Sleeping in a tent with the Milky Way stretched across the night sky is a magical camping experience, yet it’s becoming increasingly difficult to find areas with dark enough skies to see the stars—especially near cities! The good news is there are a surprising number of parks and public lands close to forests and coastlines that are sheltered from the sky glow of nearby cities. Here are just a few places where camping under the stars is within an easy drive of many popular locations.
Psst … word to the wise before you see our list: If your goal is seeing stars, plan your camping trip around the time of a New Moon. That’s when the stars will be the brightest! See our Moon Phase Calendar here.
New York City
New York City might be the city that never sleeps, but it’s still possible to enjoy dark skies at Harriman State Park, roughly 50 miles north of the city. It’s possible to take the train from Penn Station to Secaucus Junction, then transfer to the Port Jervis line. Once at the west side of the park, you can to catch a shuttle the rest of the way.
You may set up a tent in many areas throughout the park, but there are also historic stone lean-tos and newly built structures that offer a unique place to spread out your sleeping bag.
To step a bit farther away from the city lights, travel less than two hours north to Big Buck Mountain Multiple Use Area near Kent. There are no designated campsites so it’s possible to hike in and find your perfect location for peace and quiet, along with a terrific view of the night sky.
Less than an hour southeast of Chicago on the south shore of Lake Michigan, Indiana Dunes National Park boasts dark skies beyond the city lights. Kemil Beach is one of the most popular places to see the stars for those staying or visiting the park, and Beverly Shores, a town that is surrounded by the national park is recognized as a Dark Sky Community by the International Dark Sky Association (IDA) for their success in protecting the night sky.
For those who wish to distance themselves a bit farther from the city, travel roughly two hours west to the Green River State Wildlife Area near Harmon, IL. This 2,500-acre park boasts mature treed areas, restored prairie areas, along with open wetlands that give visitors excellent views of the night sky.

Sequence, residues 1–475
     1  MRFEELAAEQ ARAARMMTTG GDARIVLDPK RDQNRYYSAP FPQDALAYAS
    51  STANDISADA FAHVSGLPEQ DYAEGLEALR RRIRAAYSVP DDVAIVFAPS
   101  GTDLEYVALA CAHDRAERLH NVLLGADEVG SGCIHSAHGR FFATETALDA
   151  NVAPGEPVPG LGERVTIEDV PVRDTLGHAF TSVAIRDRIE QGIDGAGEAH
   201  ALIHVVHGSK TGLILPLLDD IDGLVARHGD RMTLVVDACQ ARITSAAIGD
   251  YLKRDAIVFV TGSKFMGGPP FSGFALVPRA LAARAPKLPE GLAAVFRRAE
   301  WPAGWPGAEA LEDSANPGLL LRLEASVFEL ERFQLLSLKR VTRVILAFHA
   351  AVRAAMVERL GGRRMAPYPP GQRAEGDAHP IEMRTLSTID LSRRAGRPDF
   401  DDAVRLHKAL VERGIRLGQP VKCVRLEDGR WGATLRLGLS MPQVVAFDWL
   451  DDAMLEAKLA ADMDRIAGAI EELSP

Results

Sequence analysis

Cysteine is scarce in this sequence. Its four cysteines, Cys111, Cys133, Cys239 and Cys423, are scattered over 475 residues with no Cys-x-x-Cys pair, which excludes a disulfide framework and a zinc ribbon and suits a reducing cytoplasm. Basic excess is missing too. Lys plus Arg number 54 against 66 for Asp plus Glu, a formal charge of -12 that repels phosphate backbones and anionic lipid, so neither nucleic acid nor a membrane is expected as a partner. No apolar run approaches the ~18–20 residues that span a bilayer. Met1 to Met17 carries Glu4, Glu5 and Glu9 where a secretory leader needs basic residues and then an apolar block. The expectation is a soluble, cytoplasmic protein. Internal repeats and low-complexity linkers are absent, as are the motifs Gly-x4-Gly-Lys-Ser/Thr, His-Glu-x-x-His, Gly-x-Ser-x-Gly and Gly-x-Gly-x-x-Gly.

Georgia is recognized for its dark skies by the IDA, and there are several observatories, such as Fernbank Science Center and the Georgia Tech Observatory, close to Atlanta. Only 33 miles north of the city, Acworth’s Red Top Mountain State Park is an excellent base for stargazing. Star programs are hosted by interpretative rangers who guide you through visible constellations during the summer.
Roughly an hour north of Dallas, the 29,000 acre Lewisville Lake is an excellent destination to camp and watch the stars. The distance from the city and the LLELA Nature Preserve provides a natural buffer to encroaching sky glow. Hidden Cove Park, which features a marina along the lake, as well as camping sites, is a good place to watch the night sky from your tent. For an evening hike to view the stars, the three mile long trail from Wynnwood Park to the shoreline is a terrific place to soak in the darker skies.
A couple of hours north of Los Angeles, Red Rock Canyon State Park offers primitive campsites and stunning views of the night sky looking away from the sky glow of the city. A geologic wonder, Red Rock Canyon is popular for hiking, particularly during the early part of the year when the wildflowers bloom, and is a go-to area for astrophotography.
Recognized as a Dark Sky Park by the IDA in 2021, Sky Meadows State Park in Delaplane is only 50 minutes west of Ashburn. They feature Astronomy for Everyone events, including the “Junior Astronomer’s” program, throughout the year as the park provides viewing opportunities surprisingly close to populated areas. For overnight stays, campers hike a mile along the Hadow Trail into the camping area, where they’ll share the area with Appalachian Trail hikers who are no strangers of the night sky on their multi-month trek.
With 34 islands and peninsulas to explore, Boston Islands National and State Park is the best place to see the stars close to Boston. Accessible only by ferry or private boat, recreationists enjoy this unique location that is rich in indigenous and early American history, along with a vibrant oceanside ecosystem. Primitive camping is available on several of the islands giving visitors a front row seat to a beautiful night sky.
With tide pools, old growth forests and plenty of places to spend time in the water, Deception Pass State Park north of Seattle is even more impressive during the night when views from the shoreline open the sky to stargazers. Camping is open throughout the year, but the Deception Pass Foundation host star parties towards the latter part of the summer.
A Final Thought
Even though 80 percent of the United States’ population cannot see the Milky Way from their backyard, by traveling just a short distance outside of the cities, it’s possible to set up your tent underneath a canopy of stars.
Join The Discussion!
Have you been to any of the locations listed above?
We hope this list inspires you to get outside and stargaze!
Amy Grisak is a freelance writer, blogger, and photographer specializing in gardening, local food, and stories about her home state of Montana. She enjoys sharing her experiences with self-reliant living and outdoor recreation. Her article on the "hugelkultur" gardening technique appears in the 2021 Farmers' Almanac. You can follow her topics on her site, AmyGrisak.com.